Too many children not being protected or heard by Thames Valley Police, report finds

Inspectors found it did have some good practices, however in too many cases children "weren’t being seen and they weren’t being appropriately protected by the force". Credit: ITV News Meridian

Thames Valley Police have been told they need to make further improvements to protect children.

The force was visited by His Majesty’s Inspectorate of Constabulary and Fire & Rescue Services (HMICFRS) between 15–26 May.

Inspectors found it did have some good practices, with dedicated staff and officers, however in too many cases children "weren’t being seen, their voices weren’t heard and they weren’t being appropriately protected by the force".

In 70 child protection cases assessed by inspectors, they found 19 were rated good, 16 require improvement, and 35 were inadequate.

Concerning investigations into missing children, inspectors highlight one case in which a 13-year-old girl was reported missing by her carers.Police systems showed that the child was on a child protection plan and at risk of sexual exploitation.

She had previously told the police that she talks to older men on social media and had been subject to sexual encounters to obtain drugs. She was also a victim of rape.Three hours later, officers completed a risk assessment, grading the risk of harm as medium.

It was over 15 hours before the child’s bedroom was searched and the police trigger plan wasn’t used to help find her quickly. The carers had given the police a mobile number for the child, but no one called this. Seven hours later officers sent a message to this number to try and locate the phone and help find the child. The girl contacted her carers the following night to say she wanted to return home and was later collected and taken home.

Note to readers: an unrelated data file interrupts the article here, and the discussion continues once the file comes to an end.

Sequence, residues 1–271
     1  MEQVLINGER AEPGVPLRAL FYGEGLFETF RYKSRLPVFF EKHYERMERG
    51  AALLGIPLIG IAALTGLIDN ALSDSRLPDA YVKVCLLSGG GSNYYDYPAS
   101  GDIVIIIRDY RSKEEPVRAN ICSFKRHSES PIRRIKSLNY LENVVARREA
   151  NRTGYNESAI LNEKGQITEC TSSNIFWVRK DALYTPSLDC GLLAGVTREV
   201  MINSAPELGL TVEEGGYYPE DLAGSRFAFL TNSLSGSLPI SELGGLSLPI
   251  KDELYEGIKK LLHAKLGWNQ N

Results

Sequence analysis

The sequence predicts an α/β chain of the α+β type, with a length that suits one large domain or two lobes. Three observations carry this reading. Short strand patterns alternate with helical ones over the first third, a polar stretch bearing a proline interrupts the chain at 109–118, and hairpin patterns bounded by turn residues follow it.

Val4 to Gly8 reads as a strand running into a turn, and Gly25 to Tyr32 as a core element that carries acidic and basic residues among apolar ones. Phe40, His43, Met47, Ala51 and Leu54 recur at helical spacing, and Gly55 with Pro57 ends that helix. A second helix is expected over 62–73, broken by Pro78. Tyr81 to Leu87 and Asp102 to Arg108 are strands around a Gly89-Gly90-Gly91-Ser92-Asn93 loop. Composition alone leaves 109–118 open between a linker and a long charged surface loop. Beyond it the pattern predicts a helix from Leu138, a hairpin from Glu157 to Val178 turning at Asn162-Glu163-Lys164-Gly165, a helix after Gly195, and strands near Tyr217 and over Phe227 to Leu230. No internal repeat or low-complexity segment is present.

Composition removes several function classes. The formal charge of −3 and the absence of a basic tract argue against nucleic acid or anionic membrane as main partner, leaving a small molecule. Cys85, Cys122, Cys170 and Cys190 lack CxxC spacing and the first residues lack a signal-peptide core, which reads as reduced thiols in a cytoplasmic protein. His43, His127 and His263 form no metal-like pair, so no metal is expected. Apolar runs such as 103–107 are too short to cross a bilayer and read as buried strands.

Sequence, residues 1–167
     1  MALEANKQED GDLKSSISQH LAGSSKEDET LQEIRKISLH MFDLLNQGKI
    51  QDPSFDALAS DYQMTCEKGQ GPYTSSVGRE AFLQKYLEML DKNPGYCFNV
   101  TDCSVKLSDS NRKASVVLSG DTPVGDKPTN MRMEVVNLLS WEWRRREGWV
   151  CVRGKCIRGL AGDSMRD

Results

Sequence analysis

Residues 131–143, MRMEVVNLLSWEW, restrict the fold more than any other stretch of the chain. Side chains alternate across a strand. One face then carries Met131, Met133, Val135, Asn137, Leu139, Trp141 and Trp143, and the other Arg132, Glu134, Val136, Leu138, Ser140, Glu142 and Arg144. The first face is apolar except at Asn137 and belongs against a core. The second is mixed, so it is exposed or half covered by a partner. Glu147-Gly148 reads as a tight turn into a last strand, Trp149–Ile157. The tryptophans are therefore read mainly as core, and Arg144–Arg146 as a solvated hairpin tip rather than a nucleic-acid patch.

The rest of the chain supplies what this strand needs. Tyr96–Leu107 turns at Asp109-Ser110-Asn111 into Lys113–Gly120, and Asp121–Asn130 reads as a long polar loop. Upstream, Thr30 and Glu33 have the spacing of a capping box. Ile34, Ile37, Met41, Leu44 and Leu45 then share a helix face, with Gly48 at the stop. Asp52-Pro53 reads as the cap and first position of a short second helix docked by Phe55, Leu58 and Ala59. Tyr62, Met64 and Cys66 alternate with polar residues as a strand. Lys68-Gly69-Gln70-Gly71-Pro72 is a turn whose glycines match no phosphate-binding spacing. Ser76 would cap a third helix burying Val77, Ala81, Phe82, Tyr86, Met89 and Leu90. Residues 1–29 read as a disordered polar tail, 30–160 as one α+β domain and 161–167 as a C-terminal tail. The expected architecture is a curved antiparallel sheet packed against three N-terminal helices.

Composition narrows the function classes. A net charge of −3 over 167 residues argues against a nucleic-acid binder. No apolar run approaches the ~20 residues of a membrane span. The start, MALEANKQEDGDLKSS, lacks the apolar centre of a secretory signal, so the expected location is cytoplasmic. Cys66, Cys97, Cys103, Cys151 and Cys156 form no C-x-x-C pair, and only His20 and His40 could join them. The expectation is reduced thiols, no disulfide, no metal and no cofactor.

The inspection found the following for improvement:

  • the governance of child protection is inconsistent and there are no clear reporting structures

  • the force does not consistently listen to and record the voice of the child 

  • the force is not effectively investigating cases of child neglect 

  • there is an unacceptable number of overdue visits to registered sex offenders

  • investigations to locate missing children are ineffective and not focused on risk; and the use of intelligence is not effective

The inspection found the following areas of good work:

• specialist child protection officers carry out high-quality and child-centred investigations• domestic abuse is triaged promptly in multi-agency safeguarding hubs, which supports better joint working to safeguard children• children are only held in custody when necessary• decisions to take a child to a place of safety are well-considered and made in the best interests of the child

His Majesty’s Inspector of Constabulary Roy Wilsher said: “During our inspection, we found that Thames Valley Police has a committed and dedicated workforce, often working in difficult and demanding circumstances. 

“While we found some areas of effective practice, we also saw inconsistent practices and decision-making.  In too many cases we examined, children weren’t being seen, their voices weren’t heard, and they weren’t being appropriately protected by the force.

“Thames Valley Police needs to ensure that its commitment to improving the service leads to better results, and it provides a consistently good service for all children."

Thames Valley Police says they are taking the findings seriously.

Deputy Chief Constable Ben Snuggs said: "We appreciate the efforts made by HMICFRS to provide this comprehensive insight in to our Child Protection practices across Thames Valley. We are pleased the report recognised the determination and dedication of officers and staff to develop innovative practice and a positive child-focused culture within the organisation.

“Since the inspection in May 2023, we have taken significant steps to address the concerns and recommendations highlighted in the report and we are fully committed to making the further necessary changes to address the areas for improvement diligently and expeditiously.

“We will continue to build upon our strong collaborative relationships with key partners to ensure TVP practices adhere to the highest standards of quality and integrity and we remain resolute in our commitment to place victims at the centre of our work and improving our service.”

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